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Texas got Shaka Smart, but they won’t be getting ‘HAVOC’

University of Texas Introduce Shaka Smart

Getty Images

Getty Images

Texas may have been the program to finally pry Shaka Smart away from VCU, and while the Longhorns will be able to bring Smart’s style of play to Austin, it does not appear that the brand will be going with him.

Smart’s success in Richmond was built around the ‘Havoc’ style of play that he incorporated, a full court press that was designed around forcing turnovers, making opponents uncomfortable and tiring teams out. The school registered an official trademark on the term back in 2012, and the VCU fans and city at-large completely bought-in.

Smart invigorated a fan-base that loves basketball, and that played a role in why so many of his former assistants have now landed head coaching jobs around the country. His replacement, Will Wade, spent two seasons trying to launch ‘Chaos’ at Chattanooga before he got the job at VCU, and his plan will be to keep building on ‘Havoc’.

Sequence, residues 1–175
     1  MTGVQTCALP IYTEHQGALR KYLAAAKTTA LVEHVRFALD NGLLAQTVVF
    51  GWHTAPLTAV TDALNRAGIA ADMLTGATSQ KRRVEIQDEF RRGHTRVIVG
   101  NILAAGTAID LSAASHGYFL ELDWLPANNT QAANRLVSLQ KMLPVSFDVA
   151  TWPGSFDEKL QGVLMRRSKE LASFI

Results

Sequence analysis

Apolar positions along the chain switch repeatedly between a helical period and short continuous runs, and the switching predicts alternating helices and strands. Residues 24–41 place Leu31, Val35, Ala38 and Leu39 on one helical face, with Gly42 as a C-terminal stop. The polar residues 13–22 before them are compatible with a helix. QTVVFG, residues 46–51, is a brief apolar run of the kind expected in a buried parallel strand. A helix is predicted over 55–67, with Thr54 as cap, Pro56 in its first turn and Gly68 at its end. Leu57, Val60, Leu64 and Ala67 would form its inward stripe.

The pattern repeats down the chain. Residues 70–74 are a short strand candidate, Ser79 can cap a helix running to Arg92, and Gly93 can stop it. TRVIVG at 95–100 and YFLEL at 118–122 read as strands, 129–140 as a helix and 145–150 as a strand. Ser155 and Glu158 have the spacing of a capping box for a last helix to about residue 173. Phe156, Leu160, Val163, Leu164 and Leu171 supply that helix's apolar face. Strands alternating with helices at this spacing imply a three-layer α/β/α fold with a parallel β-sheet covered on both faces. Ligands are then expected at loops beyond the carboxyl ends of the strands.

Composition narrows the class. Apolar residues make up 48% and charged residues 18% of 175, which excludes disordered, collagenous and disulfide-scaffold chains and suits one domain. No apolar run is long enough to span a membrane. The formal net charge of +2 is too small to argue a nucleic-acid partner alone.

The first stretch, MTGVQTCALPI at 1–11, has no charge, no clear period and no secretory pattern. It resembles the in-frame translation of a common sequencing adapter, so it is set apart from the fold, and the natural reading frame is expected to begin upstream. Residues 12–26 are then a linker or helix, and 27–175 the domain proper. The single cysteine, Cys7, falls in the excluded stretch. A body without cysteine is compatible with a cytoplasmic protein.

That’s bad news for Texas. From the Richmond Times-Dispatch:

The University of Texas has withdrawn its applications to federally register variations of the “Havoc” trademark that is widely associated with Virginia Commonwealth University’s basketball team.

Texas filed an express abandonment of its application to register the marks “HORNS HAVOC” and “HOUSE OF HAVOC” on April 29 with the U.S. Patent and Trademark Office.

The report does say that Texas is not necessarily precluded from using ‘Havoc’ or applying to register a different trademark in the future.

But it does appear that Smart is going to have to find a different way to brand and market his basketball program. It will be an important part in developing the program. One of the biggest reasons that VCU was so tough to beat at home was that the Siegel Center was always rocking, with a loud and talented pep band and a crowd that understood how important their role was in ‘Havoc’.

In a state and at a school where football comes first, second and third, can Smart generate that kind of interaction with the crowd?